News Excerpt
Recently, the U.S. removed more than a dozen countries, including India, from its list of countries that are classified as “developing” for trade purposes. These countries will now be classified instead as “developed” economies, thus stripping them of various trade benefits.

●    The Office of the U.S. Trade Representative (USTR) is responsible for developing and coordinating U.S. international trade, commodity, and direct investment policy, and overseeing negotiations with other countries.
●    USTR removed India, along with several other countries, from the list of beneficiaries of trade subsidy preference under the US countervailing duty (CVD) laws.
●    CVDs are tariffs levied on imported goods to offset subsidies made to producers of these goods in the exporting country.
●    The preferential treatment with respect to CVDs investigations falls under the US’ Generalized System of Preferences (GSP) scheme.

Why is India being stripped of this status?
⮚    The global trade share cut-off has been set by the US at 0.5%. In this regard, India crossed the threshold years ago, with India’s world trade share in 2017 was 2.1% for exports and 2.6% for imports. Due to this and the fact that India is a member of G-20, the US said that India will be considered as a developed country, even if it’s per capita GNI is below $12,375 or Rs 8.82 lakh.
⮚    The U.S. administration under President Trump has blamed fast-growing countries such as China and India of wrongly claiming trade benefits that are reserved only for the truly developing countries.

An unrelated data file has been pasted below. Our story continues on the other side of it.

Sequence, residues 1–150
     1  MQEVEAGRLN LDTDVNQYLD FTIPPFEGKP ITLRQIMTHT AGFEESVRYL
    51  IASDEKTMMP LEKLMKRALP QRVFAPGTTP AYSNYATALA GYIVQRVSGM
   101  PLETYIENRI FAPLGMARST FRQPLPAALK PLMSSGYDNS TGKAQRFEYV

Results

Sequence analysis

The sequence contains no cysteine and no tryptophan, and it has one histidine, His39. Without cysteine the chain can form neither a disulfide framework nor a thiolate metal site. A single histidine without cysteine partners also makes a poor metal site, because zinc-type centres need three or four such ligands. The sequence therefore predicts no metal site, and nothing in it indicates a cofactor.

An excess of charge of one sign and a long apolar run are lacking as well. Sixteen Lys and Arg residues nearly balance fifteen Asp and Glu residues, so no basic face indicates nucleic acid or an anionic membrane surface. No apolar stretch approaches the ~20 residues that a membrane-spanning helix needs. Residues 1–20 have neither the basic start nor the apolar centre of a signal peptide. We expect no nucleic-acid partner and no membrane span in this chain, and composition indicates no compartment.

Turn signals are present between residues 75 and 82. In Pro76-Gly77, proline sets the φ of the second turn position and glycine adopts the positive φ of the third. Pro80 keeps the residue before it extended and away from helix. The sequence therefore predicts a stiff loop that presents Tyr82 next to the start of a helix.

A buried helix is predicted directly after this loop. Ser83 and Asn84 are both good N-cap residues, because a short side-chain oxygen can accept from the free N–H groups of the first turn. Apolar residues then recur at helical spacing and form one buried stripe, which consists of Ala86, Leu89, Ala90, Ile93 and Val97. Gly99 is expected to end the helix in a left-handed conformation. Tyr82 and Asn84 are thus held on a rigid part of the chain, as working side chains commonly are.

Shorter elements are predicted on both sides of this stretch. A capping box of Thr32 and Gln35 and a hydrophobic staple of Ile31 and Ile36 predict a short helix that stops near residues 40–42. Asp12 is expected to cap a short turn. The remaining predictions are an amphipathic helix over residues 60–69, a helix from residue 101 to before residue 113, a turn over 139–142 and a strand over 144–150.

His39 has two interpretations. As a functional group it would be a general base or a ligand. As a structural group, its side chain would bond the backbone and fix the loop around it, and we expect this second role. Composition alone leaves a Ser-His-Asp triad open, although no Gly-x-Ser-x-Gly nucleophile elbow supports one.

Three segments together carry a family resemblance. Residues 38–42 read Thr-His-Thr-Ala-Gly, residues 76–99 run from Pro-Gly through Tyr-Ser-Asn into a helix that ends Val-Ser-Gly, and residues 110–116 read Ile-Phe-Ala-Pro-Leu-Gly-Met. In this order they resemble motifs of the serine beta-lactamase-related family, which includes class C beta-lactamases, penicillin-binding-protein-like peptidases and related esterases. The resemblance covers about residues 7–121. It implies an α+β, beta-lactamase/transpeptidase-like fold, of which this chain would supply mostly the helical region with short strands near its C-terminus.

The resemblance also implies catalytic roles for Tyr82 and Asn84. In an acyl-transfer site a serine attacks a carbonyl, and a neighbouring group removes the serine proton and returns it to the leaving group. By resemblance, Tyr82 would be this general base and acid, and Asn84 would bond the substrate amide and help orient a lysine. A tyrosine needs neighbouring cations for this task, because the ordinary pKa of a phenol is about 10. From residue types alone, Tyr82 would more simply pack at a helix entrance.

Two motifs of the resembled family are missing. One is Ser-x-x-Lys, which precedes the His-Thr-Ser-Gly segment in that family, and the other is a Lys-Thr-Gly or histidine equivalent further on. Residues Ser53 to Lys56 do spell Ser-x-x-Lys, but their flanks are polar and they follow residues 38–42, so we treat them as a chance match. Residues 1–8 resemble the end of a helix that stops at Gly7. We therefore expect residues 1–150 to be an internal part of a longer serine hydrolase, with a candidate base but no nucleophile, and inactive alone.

Key Concerns         
    The current change in India’s status under the USTR’s classification has cast a shadow on India being able to restore preferential benefits under the Generalized System of Preference (GSP) as part of its trade talks with the US, as only developing countries are eligible for it.
    Under the GSP, Indian exporters could export their products to the US tariff-free. However, with the change of rules, Indian exporters will no longer get this benefit.

▪    CVD laws allow the US to hold an investigation into the trade policies of other countries to determine whether they are harming the US trade. With India no longer in the list of beneficiaries, the US can now hold an investigation.
▪    If the investigation finds that India’s policies allow exporters to sell their products in the US at a lower rate and consequently harm the domestic traders there, the US can impose countervailing duty, a form of import tax, to make the Indian goods more expensive in the US markets.
▪    Any move to end duty-free access for foreign goods into the U.S., which becomes more likely after the change in trade status, will increase the overall tax burden on goods crossing international borders. This will add further pressure on the global economy, which has already witnessed a slowdown this year.

The recent US President trip to India will strengthen the United States-India strategic partnership and acme the strong and enduring bonds between the American and Indian people.India wants restoration of benefits under the GSP and more access for its products in the US. Recently, India offered to scale back tariffs on American dairy and other products that are imported into India. This came after the U.S. complained about the restricted access that American companies have to developing countries like India. If such trade tactics manage to bring down trade barriers on both sides, it can benefit the global economy. But, with both the U.S. and its various warring trading partners looking to protect their domestic producers rather than consumers who benefit from lower tariffs, a general fall in tariffs across the board seems unlikely.

FTA, Generalized System of Preferences, OECD, UNCTAD, WTO, SCM Agreement, De minimis standard.